John Rosemond: Time for a timeout

For several reasons, I am not a fan of parenting magazines. First, they reinforce the impression that child-rearing is a very complicated affair, requiring consulting with “experts” on a regular basis (and yes, I am fully aware of the irony of that statement). Second, with every issue, said publications raise the Good Mommy Bar by giving women (their nearly exclusive consumers) more things to think about and more things to do. Third, they often render conflicting information and advice. Fourth, the advice they dispense is often just downright bad.

Regarding the latter, a case in point: An article in the April 2017, issue of Parents magazine purporting to tell parents how to properly use timeout. To put my remarks in perspective, I was one of the primary popularizers of timeout. During the early years of this syndicated column (1976 - 1990, roughly), I often recommended it and even hold the dubious distinction of coming up with the “one minute of timeout for every year of a child’s age” formula.

Much to my chagrin, however, I eventually concluded that timeout worked only with children who were already well-behaved – obedient, respectful, responsible, and so on. Said children only need occasional and relatively minor “adjustments,” which can include timeout. In and of itself, however, timeout is simply too weak a consequence to have significant impact on a child who does not fit that description – assuming that said child would even cooperate in sitting still for several minutes without being physically restrained (more on that shortly).

Using psychologists, psychiatrists, and pediatricians as its expert sources, Parents makes the same recommendations I was making some 35 years ago – with one exception. Parents cites a study done by researchers at Oklahoma State University that found that the need for timeout is reduced if parents issue warnings, as in, “Billy, if you do that again, I’m going to put you in timeout.” I don’t doubt that, but it’s misleading. The goal of any disciplinary consequence is the elimination of misbehavior. At best, warnings result in nothing more than a temporary abatement (which is what the study measured) and usually make matters worse over time.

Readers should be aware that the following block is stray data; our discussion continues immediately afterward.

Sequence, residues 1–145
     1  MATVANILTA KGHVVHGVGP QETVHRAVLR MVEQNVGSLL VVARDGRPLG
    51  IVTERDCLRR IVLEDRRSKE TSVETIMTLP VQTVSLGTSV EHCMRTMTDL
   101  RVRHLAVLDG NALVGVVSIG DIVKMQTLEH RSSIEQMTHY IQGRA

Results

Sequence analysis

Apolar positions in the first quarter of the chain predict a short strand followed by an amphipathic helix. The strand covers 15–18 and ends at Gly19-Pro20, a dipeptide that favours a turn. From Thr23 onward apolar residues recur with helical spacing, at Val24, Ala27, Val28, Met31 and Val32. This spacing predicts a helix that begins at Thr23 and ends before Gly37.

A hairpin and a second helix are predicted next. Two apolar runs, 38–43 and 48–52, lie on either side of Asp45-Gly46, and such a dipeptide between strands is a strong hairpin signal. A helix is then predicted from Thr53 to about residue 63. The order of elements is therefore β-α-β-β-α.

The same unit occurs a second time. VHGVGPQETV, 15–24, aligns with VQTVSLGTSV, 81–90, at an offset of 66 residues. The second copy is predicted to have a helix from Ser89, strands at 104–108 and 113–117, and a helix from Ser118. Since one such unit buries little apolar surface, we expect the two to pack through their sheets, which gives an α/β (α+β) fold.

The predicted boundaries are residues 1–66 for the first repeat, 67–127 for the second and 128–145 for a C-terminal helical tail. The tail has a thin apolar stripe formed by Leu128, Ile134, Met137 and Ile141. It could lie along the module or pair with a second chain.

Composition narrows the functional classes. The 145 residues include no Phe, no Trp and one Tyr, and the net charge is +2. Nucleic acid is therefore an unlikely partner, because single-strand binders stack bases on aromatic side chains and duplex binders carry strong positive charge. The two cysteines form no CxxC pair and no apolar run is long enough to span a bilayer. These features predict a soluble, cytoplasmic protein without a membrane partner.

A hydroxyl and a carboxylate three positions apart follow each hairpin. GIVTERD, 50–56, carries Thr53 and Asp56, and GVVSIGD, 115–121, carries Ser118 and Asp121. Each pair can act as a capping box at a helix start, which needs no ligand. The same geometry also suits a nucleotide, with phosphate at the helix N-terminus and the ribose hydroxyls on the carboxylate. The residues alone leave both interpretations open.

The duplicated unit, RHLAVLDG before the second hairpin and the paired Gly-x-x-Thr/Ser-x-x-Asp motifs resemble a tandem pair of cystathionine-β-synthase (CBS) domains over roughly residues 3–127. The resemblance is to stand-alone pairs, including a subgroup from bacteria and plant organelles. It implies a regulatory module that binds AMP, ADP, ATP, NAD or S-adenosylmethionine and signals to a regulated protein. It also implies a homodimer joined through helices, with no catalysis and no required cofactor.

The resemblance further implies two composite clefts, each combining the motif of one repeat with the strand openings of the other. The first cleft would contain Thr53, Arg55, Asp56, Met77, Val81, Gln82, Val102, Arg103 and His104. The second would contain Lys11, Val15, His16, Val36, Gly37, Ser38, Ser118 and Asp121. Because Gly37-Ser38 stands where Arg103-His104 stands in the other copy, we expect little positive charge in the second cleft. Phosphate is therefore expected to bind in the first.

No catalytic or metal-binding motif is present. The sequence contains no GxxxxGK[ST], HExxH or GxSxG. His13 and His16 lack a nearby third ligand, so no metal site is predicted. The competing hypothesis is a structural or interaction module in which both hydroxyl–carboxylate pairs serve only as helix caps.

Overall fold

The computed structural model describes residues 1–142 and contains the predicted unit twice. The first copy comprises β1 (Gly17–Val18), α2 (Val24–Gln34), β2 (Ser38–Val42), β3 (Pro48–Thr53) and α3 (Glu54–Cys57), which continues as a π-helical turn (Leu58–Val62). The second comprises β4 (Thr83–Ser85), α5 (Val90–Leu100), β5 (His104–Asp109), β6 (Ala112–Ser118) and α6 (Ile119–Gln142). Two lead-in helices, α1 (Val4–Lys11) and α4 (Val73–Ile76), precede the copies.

For the most part, the “New and Improved TimeOut Technique” that Parents magazine describes echoes my pro-timeout columns from the 1980s, before I concluded that when it came to “difficult” children, timeout was akin to trying to stop a charging elephant with a flyswatter. By adding warnings into the mix, however, “New and Improved” becomes “Even Worse Than Before.”

But by far the article’s most absurd recommendations are highlighted in a sidebar titled “What If My Child Refuses to Go to Timeout?” In that event, parents are advised to negotiate (“If you don’t go to timeout, then you lose television for the rest of the day”), negotiate even harder (“If you go to timeout now and sit quietly, I will reduce your time from three minutes to two”), or put themselves in timeout. Yes, if your child refuses to go to timeout, go to your own room, saying something along the lines of “I’m not going to talk to you for three minutes because you hit your brother.”

Don’t laugh. Some parents who read said article are going to do exactly that and wind up feeling even more wracked with frustration and guilt. Like I said: “Even Worse Than Before.”

Family psychologist John Rosemond: